Author: Will Durant
Source: Chapter III from The Lessons of History (1968)
History is a fragment of biology: the life of man is a portion of the vicissitudes of organisms on land and sea. Sometimes, wandering alone in the woods on a summer day, we hear or see the movement of a hundred species of flying, leaping, creeping, crawling, burrowing things. The startled animals scurry away at our coming; the birds scatter; the fish disperse in the brook. Suddenly we perceive to what a perilous minority we belong on this impartial planet, and for a moment we feel, as these varied denizens clearly do, that we are passing interlopers in their natural habitat. Then all the chronicles and achievements of man fall humbly into the history and perspective of polymorphous life; all our economic competition, our strife for mates, our hunger and love and grief and war, are akin to the seeking, mating, striving, and suffering that hide under these fallen trees or leaves, or in the waters, or on the boughs.
Therefore the laws of biology are the fundamental lessons of history. We are subject to the processes and trials of evolution, to the struggle for existence and the survival of the fittest to survive. If some of us seem to escape the strife or the trials it is because our group protects us; but that group itself must meet the tests of survival.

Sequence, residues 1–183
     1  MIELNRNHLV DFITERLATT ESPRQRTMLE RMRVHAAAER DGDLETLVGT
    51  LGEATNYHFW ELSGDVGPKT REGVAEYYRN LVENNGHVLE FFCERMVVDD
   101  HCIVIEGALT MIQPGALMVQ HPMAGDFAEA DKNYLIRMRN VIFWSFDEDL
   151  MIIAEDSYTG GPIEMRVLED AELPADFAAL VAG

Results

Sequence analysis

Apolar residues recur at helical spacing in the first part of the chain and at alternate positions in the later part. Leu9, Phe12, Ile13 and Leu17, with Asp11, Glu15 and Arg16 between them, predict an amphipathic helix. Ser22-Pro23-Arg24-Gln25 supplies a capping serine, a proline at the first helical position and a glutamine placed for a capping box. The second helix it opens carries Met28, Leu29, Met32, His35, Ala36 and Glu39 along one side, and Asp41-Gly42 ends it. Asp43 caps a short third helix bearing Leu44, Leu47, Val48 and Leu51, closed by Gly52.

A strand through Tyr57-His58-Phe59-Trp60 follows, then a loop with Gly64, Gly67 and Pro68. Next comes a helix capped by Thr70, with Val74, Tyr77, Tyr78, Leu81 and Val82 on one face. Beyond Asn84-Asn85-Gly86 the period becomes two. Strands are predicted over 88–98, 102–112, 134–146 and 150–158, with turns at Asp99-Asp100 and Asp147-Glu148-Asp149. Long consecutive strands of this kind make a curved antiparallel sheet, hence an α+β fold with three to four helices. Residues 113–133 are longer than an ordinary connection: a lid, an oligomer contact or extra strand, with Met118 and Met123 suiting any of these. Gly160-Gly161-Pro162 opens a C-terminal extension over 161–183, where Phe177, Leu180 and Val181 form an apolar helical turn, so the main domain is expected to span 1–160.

So the first biological lesson of history is that life is competition. Competition is not only the life of trade, it is the trade of fife— peaceful when food abounds, violent when the mouths outrun the food. Animals eat one another without qualm; civilized men consume one another by due process of law. Co-operation is real, and increases with social development, but mostly because it is a tool and form of competition; we co-operate in our group—our family, community, club, church, party, "race," or nation—in order to strengthen our group in its competition with other groups. Competing groups have the qualities of competing individuals: acquisitiveness, pugnacity, partisanship, pride. Our states, being ourselves multiplied, are what we are; they write our natures in bolder type, and do our good and evil on an elephantine scale. We are acquisitive, greedy, and pugnacious because our blood remembers millenniums through which our forebears had to chase and fight and kill in order to survive, and had to eat to their gastric capacity for fear they should not soon capture another feast. War is a nation's way of eating. It promotes co-operation because it is the ultimate form of competition. Until our states become members of a large and effectively protective group they will continue to act like individuals and families in the hunting stage.